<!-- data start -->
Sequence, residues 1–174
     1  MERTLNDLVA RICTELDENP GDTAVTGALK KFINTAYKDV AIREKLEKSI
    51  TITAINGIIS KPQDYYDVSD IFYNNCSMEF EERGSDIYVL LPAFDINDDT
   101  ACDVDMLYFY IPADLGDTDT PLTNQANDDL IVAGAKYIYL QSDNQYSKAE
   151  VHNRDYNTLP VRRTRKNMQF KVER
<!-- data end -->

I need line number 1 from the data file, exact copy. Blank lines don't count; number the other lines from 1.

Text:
Sequence, residues 1–174